Goya outperforms T4 GPU on key NLP inference benchmark
BERT (Bidirectional Encoder Representations from Transformers) is a language representation model based on the Transformer neural architecture, introduced by Google in 2018. This approach was quickly adopted by many as it offered improved accuracy, as well as further contributed to the trend of transfer-learning with a bidirectional architecture that allows the same pre-trained model to successfully tackle a broad set of NLP tasks. Habana Labs demonstrated that a single Goya HL-100 inference processor PCIe card, delivers a record throughput of 1,527 sentences per second, inferencing the BERT-BASE model, while maintaining negligible or zero accuracy loss.
In many of today’s linguistic use cases, a vast amount of data is needed for the training process. BERT solves this issue by enabling transfer-learning on a wide variety of linguistic tasks, an approach that proved to be very efficient in computer vision. The training process is split into two phases:
1) Pre-training a base model, common to a large set of tasks and use cases, wherein a general-purpose language representation is modeled, trained on an enormous amount of unannotated text in an unsupervised fashion.
2) Fine-tuning the pre-trained base model for a specific downstream task, using relatively small amounts of data. For that purpose, the model is augmented with an additional task-specific construct, to create state-of-the-art results for a wide variety of tasks such as question answering, text summation, text classification and sentiment analysis. This fine-tuning phase benefits from substantially reduced training time and significantly improved accuracy, compared to training on these datasets from scratch.
There are several reasons why the BERT workload runs so effectively on the Goya architecture:
1. All of BERT operators are natively supported and mapped directly to the Goya hardware primitives, running without any host intervention.
2. A mixed precision implementation is deployed in order to achieve optimized performance, using Habana’s quantization tools which set the required precision per operator to maximize performance while maintaining accuracy. BERT is amenable to quantization, with either zero or negligible accuracy loss. The BERT GEMM operations are evaluated at INT16; other operations, like Layer Normalization, are done in FP32.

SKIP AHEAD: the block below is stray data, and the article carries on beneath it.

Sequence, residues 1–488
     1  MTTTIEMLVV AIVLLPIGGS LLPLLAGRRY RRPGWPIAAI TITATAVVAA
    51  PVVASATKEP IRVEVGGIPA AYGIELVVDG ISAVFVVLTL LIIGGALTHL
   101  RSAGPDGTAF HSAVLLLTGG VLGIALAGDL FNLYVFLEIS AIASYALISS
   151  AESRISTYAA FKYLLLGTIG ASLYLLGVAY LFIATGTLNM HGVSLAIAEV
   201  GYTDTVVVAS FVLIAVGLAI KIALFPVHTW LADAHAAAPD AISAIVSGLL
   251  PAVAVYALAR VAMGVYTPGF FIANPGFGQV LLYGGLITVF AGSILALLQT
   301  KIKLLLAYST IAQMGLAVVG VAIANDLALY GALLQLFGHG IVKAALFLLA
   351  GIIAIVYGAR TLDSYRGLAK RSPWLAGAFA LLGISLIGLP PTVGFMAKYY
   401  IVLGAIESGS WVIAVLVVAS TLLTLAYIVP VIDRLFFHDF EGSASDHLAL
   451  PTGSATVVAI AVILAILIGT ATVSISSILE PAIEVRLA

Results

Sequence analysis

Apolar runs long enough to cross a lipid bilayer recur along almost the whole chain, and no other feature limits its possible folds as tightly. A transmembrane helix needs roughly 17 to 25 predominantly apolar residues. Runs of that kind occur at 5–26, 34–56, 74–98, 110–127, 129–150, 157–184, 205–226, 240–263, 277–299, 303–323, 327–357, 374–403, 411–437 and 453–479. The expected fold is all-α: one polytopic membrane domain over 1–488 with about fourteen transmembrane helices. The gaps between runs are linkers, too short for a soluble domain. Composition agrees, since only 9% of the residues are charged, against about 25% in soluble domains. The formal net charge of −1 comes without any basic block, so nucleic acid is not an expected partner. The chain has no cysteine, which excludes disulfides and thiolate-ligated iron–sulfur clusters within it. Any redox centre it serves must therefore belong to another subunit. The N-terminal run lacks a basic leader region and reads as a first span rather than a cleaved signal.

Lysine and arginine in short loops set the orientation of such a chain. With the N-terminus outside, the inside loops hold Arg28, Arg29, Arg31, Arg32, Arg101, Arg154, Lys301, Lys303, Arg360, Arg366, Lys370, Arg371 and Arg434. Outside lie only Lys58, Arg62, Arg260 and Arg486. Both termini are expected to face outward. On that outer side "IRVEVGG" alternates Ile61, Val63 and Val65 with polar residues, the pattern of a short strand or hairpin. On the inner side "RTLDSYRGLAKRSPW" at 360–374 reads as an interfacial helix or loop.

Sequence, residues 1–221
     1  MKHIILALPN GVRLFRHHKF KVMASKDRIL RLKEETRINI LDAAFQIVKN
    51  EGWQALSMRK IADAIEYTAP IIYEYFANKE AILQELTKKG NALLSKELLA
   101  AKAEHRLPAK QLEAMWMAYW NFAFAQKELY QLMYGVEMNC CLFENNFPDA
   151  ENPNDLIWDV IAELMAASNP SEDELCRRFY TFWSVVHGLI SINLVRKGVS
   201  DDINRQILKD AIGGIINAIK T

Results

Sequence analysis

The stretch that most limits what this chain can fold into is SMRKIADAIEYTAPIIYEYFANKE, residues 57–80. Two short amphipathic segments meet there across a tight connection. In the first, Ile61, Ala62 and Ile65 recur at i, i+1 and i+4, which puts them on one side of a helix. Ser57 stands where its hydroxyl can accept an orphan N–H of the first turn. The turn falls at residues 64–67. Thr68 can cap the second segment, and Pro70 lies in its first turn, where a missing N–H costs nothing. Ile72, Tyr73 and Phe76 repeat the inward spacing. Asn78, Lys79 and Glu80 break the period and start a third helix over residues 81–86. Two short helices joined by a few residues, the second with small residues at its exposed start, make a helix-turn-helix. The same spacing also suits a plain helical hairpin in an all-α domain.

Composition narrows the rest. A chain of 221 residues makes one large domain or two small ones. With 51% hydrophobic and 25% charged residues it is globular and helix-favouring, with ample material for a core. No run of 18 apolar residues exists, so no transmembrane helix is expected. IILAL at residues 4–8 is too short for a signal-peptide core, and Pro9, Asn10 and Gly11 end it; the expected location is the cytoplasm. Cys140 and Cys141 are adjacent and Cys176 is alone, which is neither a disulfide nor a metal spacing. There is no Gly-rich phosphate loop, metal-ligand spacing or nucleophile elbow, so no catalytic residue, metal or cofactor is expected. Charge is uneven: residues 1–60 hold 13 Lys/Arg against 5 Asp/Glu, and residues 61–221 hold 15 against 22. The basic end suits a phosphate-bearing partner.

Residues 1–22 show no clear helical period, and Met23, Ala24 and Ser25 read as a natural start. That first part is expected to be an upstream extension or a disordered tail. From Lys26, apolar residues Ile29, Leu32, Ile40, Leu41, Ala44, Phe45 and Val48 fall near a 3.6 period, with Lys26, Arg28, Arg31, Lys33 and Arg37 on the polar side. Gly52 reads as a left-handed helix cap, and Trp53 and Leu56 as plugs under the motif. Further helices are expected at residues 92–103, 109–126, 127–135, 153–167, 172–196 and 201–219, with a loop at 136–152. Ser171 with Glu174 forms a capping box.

3. Goya’s heterogenous architecture is an ideal match to the BERT workload, as both engines, the GEMM engine and the Tensor Processing Cores (TPCs), are fully utilized concurrently, supporting low batch sizes at high throughput.
4. Goya’s TPC provides significant speedup when calculating BERT’s non-linear functions, such as GeLU (Gaussian Error Linear Unit).
5. Goya’s software-managed SRAM allows increased efficiency by optimizing data movement between different memory hierarchies while executing.
The mixed precision quantization resulted in a comparable accuracy to the original model trained in FP32, such that the accuracy drop is at most 0.11% (Verified on SQuAD 1.1 and MRPC tasks).
To quantify and benchmark BERT results we used Nvidia’s demo release, running a SQuAD Question answering task, identifying the answer to the input question within the paragraph.
Model used: Dataset: SQuAD; Topology: BERT BASE, Layers=12 Hidden Size=768 Heads=12 Intermediate Size=3,072 Max Seq Len = 128.
Below are the platform configurations and results:
Hardware: Goya HL-100; CPU Xeon Gold 6152 at 2.1GHz Software: Ubuntu v-16.04.4; SynapseAI v-0.2.0–1173
Hardware: T4; CPU Xeon Gold 6154@3Ghz/16GB/4 VMs Software: Ubuntu-18.04.2.x86_64-gnu; CUDA Ver 10.1, cudnn7.5; TensorRT-18.104.22.168;
Both the Goya and the T4 implementations are done using mixed precision of 16-bit and FP32 data types. The Habana team is working on further optimizations including uses of mixed precision data representation utilizing 8-bit data type.
The Goya processor delivers 1.67x to 2.06x (batch 12/24 respectively) higher throughput than the T4 on the SQuAD task, all at significantly lower latency. As the BERT base model is the foundation of many NLP applications, we expect similar inference speedups for other NLP applications.
To learn more about Goya performance including other benchmark results, read the Goya whitepaper.